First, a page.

Mile: 2054.6 - 2074.6 (20 miles)
I wake up to a man's voice telling me the sun is rising. I hadn't set an alarm and am rather startled, the wind is still howling and I'm a bit disoriented. I slowly pull every single piece of clothing I have on (it's really cold up here) and meet my neighbor. I then spend almost 2 hours watching the sun rise chatting with a Ph.D. Professor who has also maintained a section of AT in the upcoming 100 mile wilderness since 1994. It's a surprisingly thoughtful conversation to start at dawn and thoroughly enjoyable. Trail life can be such a trip.
It's stunning but other than a puddle and I'm soon to discover a dried up spring water is scarce so off to the next pond I head.
I realize I'm awfully tired when I find a small creek a little before the pond after negotiating the usual rocky terrain and sit down on a rock in the middle of the stream. I drink water and debate moving, it's sounds awfully hard but a little extra snack and coffee help. I'm heading to town and it still sounds awfully far away but some extra food will be awfully nice.
Walking down the trail I started a moose, although this one is gone after just a moment of staring, trotting down the trail and around the bend.
The trail is supposedly flat and downhill for pretty much the rest of the day but there are still rocky enough sections. But I put on music and am able to cruise over a surprising amount. I love it when I can actually hike.
The trail follows rivers for pretty much the rest of the day. I try to rock hop one crossing and sink one whole foot but do pretty well. The East branch of the Piscataquis is usually knee but slow flowing according to the guide but I'm able to rock hop across, a reflection of how dry it's been.
But it's pleasant and the walking slowly down the canyon alongside swimming holes and rushing water is a pretty sweet way to head into town. There's a blue blaze straight into town about the same length as the trail after Lake Hebron. I opt for that and cruise around the lake. I pass an old slate quarry which is pretty cool and then am in the small town of Monson at Shaw's hiker hostel. This place is pretty well known being the start or finish for the hundred mile wilderness and is full of people. I'm a bit overwhelmed and after I find a bed I wander into town alone unsure of how to handle all the stimulation. I head to the community center for the newly required permit for Baxter and estimate a finish date which is surreal and includes a lot of nodding and yes ma'am I'll respect all the rules answers but is pretty painless.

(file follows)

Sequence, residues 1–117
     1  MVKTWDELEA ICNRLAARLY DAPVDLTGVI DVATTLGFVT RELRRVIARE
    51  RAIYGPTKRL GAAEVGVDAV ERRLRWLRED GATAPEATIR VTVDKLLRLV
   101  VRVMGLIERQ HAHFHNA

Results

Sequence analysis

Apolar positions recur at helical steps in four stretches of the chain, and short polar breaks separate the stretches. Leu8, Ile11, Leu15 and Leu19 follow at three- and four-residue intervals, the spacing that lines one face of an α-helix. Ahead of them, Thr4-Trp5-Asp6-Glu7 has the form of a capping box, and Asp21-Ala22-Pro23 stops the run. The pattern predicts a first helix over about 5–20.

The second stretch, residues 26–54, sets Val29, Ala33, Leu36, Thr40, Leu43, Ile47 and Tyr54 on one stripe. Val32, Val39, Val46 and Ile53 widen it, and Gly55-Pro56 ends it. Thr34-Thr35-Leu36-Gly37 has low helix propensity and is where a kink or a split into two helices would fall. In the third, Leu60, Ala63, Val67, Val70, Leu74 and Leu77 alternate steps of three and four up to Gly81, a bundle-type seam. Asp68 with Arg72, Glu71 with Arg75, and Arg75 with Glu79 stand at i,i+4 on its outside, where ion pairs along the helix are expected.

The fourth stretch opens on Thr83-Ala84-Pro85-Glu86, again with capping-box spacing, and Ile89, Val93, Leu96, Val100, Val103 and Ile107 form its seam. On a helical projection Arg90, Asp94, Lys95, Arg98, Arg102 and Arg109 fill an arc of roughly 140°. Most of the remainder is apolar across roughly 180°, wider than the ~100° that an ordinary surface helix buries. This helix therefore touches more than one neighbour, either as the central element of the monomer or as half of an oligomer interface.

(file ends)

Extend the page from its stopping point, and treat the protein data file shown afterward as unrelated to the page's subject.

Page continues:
With a better handle on myself and my anxiety after an early dinner alone at the barbecue restaurant I finally head back to the hostel. I'm am happy to see a few familiar faces have rolled in. As my last trail town I've already planned to take tomorrow off and seeing superman and stowaway have shown up all is well in my little world. I first met these two lovely guys back around 4th of July and just saw them again in Caratunk. I'd hoped I'd get to see them again. The next hours were relaxing around a campfire listening to Stowaways fantastic tales of working in a pawn shop in Cherokee North Carolina and others huge life changes that brought them out here. The conversation turns from silly to hugely significant at times and I'm continually reminded tonight how many different folks the trail brings together and how happy it can make me. We stay up far too late but no one is going anywhere in the morning so it's fine and cozy and wonderful.
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